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September 2022
7 Min read

The anatomy of a QR code

Irina Yaroshenko

International Sales Manager +4314120126

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Have you ever wondered why a QR code looks like this? What do all those squares mean and how is the information encrypted there?

Shall we figure it out?

We got the whole technical part in full from a tweet by product designer Dan Hollick (you can read it in its entirety here

But we will share something else of interest

History first

In the 1960s, Japan entered an economic boom, and supermarkets experienced an incredible increase in sales. However, supermarket cashiers had to enter the price manually, which was inefficient. With the invention of the barcode and the POS system in the 1970s, cashiers could instantly transmit prices to computers and calculate the total cost of a purchase. However, the barcode could only contain 20 digits, which included basic product information. At a time of massive sales growth, companies needed to track logistical information that the barcode could not contain.

Discovering this limitation, Denso Wave, the Japanese company that originally developed the barcode reader, decided to create a code that could contain more information, including even Japanese characters.

In 1994, they officially announced the creation of the QR code, QR stands for “quick response”.

By the way! Denso Wave, the company that invented the qr codes, never used their patent and released the technology for free!

The anatomy of QR codes

The most distinctive feature of a QR code is these cube shapes, called lookup patterns, which help the reader locate the code.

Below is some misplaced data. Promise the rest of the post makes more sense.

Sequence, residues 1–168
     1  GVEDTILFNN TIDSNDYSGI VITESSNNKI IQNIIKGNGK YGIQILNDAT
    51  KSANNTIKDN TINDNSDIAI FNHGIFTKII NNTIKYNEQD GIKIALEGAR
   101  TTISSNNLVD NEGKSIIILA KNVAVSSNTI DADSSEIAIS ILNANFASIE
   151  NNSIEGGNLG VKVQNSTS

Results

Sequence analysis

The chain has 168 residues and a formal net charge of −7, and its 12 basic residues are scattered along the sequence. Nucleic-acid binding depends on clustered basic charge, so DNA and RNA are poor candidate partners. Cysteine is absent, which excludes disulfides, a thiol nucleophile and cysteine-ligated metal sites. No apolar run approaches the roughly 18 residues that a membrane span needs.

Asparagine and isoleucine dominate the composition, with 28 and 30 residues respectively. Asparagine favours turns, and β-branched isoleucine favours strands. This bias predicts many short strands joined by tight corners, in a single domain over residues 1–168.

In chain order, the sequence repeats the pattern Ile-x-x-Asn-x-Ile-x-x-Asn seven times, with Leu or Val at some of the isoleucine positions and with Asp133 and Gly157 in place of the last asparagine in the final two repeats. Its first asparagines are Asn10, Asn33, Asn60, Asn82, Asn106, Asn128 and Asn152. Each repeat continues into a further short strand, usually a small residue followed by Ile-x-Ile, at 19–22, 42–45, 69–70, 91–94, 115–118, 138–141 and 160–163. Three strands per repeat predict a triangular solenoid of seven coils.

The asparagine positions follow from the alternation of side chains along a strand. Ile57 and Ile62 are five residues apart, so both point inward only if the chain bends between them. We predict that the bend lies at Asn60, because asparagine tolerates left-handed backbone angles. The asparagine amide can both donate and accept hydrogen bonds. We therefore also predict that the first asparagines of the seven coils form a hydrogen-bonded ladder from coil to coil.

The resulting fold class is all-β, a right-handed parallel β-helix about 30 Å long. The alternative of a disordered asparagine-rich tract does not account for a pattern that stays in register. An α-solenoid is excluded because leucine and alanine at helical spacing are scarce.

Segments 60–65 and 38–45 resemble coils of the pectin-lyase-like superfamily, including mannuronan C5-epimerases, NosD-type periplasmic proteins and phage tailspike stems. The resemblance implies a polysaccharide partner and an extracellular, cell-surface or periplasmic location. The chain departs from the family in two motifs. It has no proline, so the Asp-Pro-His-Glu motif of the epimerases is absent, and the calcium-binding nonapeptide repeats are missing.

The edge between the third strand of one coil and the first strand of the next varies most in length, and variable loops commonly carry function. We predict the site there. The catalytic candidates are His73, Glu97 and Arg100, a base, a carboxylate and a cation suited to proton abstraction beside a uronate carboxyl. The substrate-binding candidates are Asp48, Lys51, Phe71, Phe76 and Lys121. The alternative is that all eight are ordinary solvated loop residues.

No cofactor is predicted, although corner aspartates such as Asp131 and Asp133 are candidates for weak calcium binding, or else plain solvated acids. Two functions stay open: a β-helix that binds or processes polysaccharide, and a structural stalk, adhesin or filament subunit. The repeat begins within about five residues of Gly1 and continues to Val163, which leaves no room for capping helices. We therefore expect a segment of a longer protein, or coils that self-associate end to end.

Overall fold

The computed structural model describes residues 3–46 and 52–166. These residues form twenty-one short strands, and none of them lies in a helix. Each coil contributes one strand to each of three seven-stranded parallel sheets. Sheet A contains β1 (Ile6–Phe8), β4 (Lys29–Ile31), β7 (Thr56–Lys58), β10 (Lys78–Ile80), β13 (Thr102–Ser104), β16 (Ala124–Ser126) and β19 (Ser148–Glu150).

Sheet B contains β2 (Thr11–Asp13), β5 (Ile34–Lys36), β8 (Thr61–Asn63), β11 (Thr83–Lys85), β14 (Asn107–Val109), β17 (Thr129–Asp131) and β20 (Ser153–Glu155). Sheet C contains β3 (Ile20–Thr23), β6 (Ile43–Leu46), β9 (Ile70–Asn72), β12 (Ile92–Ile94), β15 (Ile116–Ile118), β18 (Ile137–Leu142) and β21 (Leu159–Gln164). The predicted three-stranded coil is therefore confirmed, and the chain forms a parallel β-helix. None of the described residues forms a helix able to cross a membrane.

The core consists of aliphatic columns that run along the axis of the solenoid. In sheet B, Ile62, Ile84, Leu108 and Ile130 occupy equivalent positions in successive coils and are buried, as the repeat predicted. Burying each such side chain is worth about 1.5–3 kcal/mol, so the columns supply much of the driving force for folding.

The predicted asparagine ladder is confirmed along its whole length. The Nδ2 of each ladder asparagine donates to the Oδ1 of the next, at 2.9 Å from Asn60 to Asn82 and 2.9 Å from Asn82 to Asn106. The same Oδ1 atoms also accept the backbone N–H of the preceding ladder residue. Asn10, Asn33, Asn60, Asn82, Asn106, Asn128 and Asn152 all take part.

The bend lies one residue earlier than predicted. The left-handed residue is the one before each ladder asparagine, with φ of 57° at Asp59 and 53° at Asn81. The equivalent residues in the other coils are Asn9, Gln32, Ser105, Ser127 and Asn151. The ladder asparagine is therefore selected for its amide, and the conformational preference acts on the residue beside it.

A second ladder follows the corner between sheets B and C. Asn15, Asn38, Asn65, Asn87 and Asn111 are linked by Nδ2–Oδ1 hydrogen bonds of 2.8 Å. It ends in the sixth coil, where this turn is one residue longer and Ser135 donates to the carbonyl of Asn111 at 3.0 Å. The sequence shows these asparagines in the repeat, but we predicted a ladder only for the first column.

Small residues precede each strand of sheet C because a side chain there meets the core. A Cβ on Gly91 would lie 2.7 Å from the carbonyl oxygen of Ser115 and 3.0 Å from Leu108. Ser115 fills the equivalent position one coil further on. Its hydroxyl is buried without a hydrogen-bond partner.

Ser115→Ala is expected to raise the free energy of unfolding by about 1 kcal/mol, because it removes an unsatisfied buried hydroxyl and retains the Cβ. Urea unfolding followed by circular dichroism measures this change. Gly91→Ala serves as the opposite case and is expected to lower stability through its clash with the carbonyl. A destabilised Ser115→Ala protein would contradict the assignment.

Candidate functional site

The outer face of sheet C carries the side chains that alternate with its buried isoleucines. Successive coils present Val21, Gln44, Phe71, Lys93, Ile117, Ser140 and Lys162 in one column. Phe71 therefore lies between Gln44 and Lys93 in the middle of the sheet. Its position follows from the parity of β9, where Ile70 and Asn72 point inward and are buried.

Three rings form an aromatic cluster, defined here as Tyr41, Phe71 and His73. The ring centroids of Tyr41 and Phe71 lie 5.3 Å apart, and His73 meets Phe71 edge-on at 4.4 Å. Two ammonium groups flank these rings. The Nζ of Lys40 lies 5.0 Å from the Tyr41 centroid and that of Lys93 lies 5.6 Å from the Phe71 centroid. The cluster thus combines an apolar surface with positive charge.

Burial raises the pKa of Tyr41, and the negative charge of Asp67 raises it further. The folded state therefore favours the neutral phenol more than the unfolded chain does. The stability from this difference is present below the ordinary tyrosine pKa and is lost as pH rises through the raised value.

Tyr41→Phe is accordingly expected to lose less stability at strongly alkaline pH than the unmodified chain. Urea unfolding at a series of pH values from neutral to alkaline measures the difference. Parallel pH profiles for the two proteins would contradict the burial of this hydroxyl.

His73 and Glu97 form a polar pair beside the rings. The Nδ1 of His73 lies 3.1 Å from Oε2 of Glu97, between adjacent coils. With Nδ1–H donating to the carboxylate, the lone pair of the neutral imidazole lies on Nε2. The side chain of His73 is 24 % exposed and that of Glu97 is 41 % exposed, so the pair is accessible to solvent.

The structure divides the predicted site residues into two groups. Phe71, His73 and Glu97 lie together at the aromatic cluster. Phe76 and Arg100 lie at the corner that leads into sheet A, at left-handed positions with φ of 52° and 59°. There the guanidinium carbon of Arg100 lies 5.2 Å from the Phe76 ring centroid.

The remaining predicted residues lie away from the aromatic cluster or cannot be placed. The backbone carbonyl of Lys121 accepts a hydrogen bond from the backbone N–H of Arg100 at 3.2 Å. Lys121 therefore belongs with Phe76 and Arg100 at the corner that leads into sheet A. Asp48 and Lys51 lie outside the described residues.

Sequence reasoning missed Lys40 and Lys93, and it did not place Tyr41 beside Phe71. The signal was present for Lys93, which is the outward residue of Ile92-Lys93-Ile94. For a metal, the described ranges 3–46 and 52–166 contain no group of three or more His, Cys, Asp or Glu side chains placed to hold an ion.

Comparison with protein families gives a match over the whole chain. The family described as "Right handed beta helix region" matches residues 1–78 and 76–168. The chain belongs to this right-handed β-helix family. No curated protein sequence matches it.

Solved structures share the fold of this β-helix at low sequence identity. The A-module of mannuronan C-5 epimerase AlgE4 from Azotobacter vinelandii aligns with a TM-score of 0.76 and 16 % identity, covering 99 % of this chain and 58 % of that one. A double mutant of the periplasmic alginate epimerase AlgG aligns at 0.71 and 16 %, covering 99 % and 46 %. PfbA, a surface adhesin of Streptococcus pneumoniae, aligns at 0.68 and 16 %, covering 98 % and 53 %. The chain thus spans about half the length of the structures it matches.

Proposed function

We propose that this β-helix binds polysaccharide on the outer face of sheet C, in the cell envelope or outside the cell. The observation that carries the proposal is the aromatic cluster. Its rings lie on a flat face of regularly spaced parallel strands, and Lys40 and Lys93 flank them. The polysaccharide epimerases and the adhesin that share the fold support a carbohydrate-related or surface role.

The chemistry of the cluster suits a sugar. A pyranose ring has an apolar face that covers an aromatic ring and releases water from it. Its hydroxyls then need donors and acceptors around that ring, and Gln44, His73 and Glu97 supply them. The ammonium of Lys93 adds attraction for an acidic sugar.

A smaller fourth cube, the Alignment Pattern, orients the code so that it can be at any angle and the reader will still know which way it is positioned.

Each QR code has alternating black and white dots called a timing pattern.

The format information is stored in these two bars next to the Finder templates. It is stored twice, so it can be read even if the QR code is partially hidden. (You will notice that this is a recurring theme).

The three most important pieces of information are stored here:

– Mask.

– Error correction level

– Error correction format.

Error correction – what is it?

Basically, it determines how much redundant information is stored in the code so that it remains readable, even if part of it is missing.

If your code is outdoors, you can select a higher level of redundancy to ensure that it continues to function when hidden from view.

QR-readers work best when the number of white and black areas is the same.

But the data may not match, so a mask is used for alignment.

Finally we get to the actual data.

Oddly enough, the data starts at the bottom right-hand corner and curls backwards, as shown. It almost doesn’t matter where they start, because they can be read from any angle.

Some things you should know

Qr codes can be ineffective for different types of products.

For example, if it is a low-involvement product, that is, one that people spend less time buying (such as a candy bar or soap), people are less likely to scan the code because they think it is redundant and unable to provide enriching information.

(source: European Journal of Marketing R. Trivedi, T. Teichert, and D. Hardeck, “Effectiveness of pull-based print advertising with QR codes: The role of consumer involvement and advertisement appeal,”)

However, for products with a high degree of involvement, such as fitness classes, and banking services, customers will look favorably on the QR code because it provides more information.

#qrcode #marketing #feedback

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